MANILA, Philippines—The peso rose to its highest in more than four years on Wednesday as the market reacted positively to the reelection of US President Barack Obama, a development seen to allow the world’s biggest economy to pursue his administration’s reforms aimed at a more substantial recovery.
The local currency closed at 41.06 against the US dollar, up by 15 centavos from the previous day’s finish of 41.21:$1.
Intraday high hit 41.05:$1, while intraday low settled at 41.215:$1.
Volume of trade amounted to $968 million from $750.7 million previously.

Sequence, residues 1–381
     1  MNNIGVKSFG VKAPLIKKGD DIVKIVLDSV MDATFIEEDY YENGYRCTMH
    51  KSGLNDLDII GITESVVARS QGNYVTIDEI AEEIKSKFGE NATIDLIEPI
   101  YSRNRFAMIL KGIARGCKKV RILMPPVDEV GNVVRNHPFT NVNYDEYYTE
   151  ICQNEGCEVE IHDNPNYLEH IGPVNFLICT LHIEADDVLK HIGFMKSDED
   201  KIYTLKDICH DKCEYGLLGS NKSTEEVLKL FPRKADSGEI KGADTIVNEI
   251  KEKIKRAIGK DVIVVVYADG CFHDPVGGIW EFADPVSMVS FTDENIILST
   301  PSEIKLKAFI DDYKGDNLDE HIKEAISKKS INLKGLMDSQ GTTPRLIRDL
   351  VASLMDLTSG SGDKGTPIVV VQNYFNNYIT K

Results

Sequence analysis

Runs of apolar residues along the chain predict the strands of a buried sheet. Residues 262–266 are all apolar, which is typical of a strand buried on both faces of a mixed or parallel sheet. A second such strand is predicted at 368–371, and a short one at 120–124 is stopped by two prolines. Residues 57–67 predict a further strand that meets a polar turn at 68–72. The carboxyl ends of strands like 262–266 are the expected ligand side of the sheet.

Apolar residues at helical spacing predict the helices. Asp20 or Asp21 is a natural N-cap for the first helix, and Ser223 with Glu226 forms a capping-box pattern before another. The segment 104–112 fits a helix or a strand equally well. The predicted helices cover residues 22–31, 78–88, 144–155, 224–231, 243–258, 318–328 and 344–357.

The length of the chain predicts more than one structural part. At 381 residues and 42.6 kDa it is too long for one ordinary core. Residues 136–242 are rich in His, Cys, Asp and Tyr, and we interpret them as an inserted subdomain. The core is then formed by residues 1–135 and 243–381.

Wednesday’s close was the highest in over four years, market data showed. The last time the peso closed stronger than 41.06 against the greenback was on March 7, 2008, when it finished at 40.85:$1.
Traders said the announcement of the results of the US presidential election has somewhat removed the cloud of uncertainty surrounding the supposed implementation of several fiscal reforms to help address the US government’s debt problems.
By the end of this year, taxes related to the Obama administration’s health care law, as well as certain budget cuts and lifting of some tax perks for businesses to help put the fiscal house in order are scheduled for implementation.
Traders said that with the election over, some investors went out of the sidelines and purchased emerging market assets, thereby lifting Asian currencies, including the peso.